To exempt or not: How the Commerce Department decides who pays steel tariffs
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Since President Donald Trump decided to levy tariffs on imports of steel and aluminum last March, the Commerce Department has been inundated with nearly 50,000 applications from companies seeking exemptions from the tariffs — 10 times the amount it initially expected.
More than 25,000 of those applications have now been processed, according to the latest information available from the Commerce Department. Half the processed applications have been approved and 20 percent denied, while the rest were returned to companies for additional information.
Companies seeking an exemption typically argue they cannot get the product they want from a U.S. supplier in the quantity or quality required, but these applications often face objections from U.S. steel and aluminum producers who argue the opposite — that the desired import or a suitable substitute can be sourced in the United States.
How the Commerce Department vets this conflicting information isn’t clear.
Marketplace put this question to the Commerce Department and filed a Freedom of Information Act request for documents related to its training and evaluation processes. Thus far, the agency has only partially responded to the request.
“The documents … show that there is machinery for making those decisions, but we still don’t know how the judgement calls are being made internally,” said Bernd Janzen, a partner in the international trade practice at Akin Gump, who reviewed the documents the department sent to Marketplace.
Materials included manuals and slides from training presentations. Several slides contained a series of questions the Commerce Department is supposed to consider in analyzing exclusion requests, such as whether U.S. producers could start supplying a product they don’t currently produce by building additional capacity and how many weeks it would take to ramp up production.
However, other pages that seemed to contain additional information or checklists for evaluating exemption requests and objections were blacked out.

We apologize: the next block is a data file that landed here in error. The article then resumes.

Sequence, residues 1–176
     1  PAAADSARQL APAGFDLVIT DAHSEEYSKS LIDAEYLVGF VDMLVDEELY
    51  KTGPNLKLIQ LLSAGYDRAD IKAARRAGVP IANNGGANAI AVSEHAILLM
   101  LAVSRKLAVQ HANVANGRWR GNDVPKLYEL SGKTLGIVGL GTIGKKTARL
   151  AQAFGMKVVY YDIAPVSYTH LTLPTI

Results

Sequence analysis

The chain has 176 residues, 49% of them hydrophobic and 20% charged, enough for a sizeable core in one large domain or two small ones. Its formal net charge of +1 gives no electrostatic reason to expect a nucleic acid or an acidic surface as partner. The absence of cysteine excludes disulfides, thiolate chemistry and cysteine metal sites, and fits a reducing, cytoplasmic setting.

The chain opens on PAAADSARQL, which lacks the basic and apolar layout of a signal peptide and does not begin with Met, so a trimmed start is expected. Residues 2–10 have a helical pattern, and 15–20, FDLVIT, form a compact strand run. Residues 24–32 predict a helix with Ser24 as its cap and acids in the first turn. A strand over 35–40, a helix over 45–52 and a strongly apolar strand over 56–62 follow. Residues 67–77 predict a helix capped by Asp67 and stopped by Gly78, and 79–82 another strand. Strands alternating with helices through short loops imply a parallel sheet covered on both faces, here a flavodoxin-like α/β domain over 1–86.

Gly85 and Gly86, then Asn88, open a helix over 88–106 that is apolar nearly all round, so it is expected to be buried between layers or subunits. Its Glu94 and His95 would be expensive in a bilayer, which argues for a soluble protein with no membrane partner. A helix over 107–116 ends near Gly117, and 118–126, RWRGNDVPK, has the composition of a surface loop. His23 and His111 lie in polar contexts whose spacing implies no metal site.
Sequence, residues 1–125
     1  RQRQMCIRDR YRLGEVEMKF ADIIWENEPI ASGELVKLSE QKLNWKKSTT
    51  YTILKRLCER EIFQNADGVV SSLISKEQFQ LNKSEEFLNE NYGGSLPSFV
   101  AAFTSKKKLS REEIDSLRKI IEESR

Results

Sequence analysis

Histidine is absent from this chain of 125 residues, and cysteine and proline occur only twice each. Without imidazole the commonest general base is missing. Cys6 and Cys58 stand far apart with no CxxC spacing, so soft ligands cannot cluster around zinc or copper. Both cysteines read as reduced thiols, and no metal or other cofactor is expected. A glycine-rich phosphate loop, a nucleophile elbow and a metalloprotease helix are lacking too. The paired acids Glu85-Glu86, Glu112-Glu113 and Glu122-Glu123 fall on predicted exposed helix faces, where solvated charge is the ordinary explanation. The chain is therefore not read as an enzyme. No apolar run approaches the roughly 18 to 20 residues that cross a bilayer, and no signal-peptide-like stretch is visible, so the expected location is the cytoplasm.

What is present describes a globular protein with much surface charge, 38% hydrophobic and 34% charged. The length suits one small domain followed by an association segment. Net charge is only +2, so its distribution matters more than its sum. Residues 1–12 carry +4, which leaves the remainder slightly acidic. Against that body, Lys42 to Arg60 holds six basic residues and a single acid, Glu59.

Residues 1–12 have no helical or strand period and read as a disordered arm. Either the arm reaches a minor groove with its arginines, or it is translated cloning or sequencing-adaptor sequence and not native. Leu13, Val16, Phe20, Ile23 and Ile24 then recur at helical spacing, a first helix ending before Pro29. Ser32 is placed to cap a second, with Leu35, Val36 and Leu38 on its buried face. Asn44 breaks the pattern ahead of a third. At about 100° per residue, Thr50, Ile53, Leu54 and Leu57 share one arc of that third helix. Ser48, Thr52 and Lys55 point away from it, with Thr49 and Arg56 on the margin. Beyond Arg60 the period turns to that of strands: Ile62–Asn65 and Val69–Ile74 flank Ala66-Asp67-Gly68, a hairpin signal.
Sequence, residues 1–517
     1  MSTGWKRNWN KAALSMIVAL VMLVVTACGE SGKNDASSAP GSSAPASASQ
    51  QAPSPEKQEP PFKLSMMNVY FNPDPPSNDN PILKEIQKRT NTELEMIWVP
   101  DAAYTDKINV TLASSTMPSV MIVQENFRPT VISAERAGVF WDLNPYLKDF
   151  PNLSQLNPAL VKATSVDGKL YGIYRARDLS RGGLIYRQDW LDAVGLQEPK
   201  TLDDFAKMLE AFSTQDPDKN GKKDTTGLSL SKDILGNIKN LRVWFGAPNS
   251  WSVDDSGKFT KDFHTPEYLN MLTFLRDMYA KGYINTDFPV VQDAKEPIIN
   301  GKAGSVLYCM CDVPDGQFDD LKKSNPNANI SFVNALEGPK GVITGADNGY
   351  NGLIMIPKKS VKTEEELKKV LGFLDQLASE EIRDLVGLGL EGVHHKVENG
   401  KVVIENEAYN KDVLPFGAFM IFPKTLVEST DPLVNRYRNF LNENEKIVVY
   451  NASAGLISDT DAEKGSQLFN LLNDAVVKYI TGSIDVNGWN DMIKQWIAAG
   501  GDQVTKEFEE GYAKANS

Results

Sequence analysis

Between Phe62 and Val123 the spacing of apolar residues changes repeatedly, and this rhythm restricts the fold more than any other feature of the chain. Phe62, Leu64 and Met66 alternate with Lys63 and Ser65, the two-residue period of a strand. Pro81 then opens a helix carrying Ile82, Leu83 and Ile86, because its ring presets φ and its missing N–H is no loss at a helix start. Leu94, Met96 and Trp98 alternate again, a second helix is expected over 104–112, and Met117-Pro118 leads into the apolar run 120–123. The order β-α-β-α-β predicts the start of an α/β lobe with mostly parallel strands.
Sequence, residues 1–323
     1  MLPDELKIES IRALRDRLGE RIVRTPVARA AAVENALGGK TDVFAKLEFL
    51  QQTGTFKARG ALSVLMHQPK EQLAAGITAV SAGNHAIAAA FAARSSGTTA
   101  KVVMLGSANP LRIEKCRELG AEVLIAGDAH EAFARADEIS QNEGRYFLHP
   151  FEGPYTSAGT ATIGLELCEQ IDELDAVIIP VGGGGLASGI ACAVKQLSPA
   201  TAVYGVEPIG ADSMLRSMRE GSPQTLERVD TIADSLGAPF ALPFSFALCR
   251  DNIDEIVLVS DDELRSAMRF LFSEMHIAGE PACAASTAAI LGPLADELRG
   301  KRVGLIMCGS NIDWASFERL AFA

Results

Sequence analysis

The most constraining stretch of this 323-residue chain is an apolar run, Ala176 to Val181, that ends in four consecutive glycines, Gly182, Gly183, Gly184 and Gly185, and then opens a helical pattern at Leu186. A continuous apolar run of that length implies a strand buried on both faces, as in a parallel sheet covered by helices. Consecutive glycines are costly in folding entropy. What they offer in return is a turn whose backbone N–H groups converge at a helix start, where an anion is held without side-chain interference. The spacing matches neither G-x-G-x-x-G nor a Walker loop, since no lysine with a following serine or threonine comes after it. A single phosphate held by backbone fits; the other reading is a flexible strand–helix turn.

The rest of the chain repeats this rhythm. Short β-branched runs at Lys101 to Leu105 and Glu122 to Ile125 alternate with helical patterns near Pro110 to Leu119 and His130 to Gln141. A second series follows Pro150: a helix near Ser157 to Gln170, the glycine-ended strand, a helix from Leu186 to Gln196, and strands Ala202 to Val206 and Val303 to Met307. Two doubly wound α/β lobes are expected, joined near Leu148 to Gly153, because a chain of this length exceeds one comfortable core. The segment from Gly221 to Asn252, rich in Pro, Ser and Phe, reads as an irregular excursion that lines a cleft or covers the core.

“The redactions are quite significant,” Janzen said.
Data suggests industry objections weigh heavily in Commerce Department decisions.
Reporting by the New York Times in August found the agency hadn’t granted a single steel exemption request that drew an objection and only granted 20 objected applications for aluminum. The department didn’t respond to a request for updated figures this week.
That seeming reliance on objections is troubling, said Christine McDaniel, a senior research fellow at the Mercatus Center at George Mason University.
She analyzed tallies of all the steel that companies have asked the Commerce Department to be allowed to import tariff-free, as well as all the objections on those applications, and found the numbers don’t align.
“The steel producers in the U.S. are claiming to be able to produce an amount of steel way above and beyond even what their current production is,” she said.
If applications and objections are considered in isolation, it may be that a domestic producer could supply the requested quantity of the product one company wants to import. But some companies are filing objections to hundreds, occasionally even thousands, of exemption applications. Three steel companies account for nearly half the submitted objections, according to McDaniel.
When taken together, McDaniel said the cumulative amount of steel that companies are objecting to is significantly larger than what they can currently produce.
The Commerce Department didn’t respond to questions about whether the agency is keeping track of how much each firm is saying it can produce. However, in September, it did begin allowing companies to respond to the objections other companies filed on their applications; the objectors then get their own chance to rebut. This will lengthen the amount of time it takes to issue exemption determinations, but may also give companies and the department a better opportunity to sift through competing claims.
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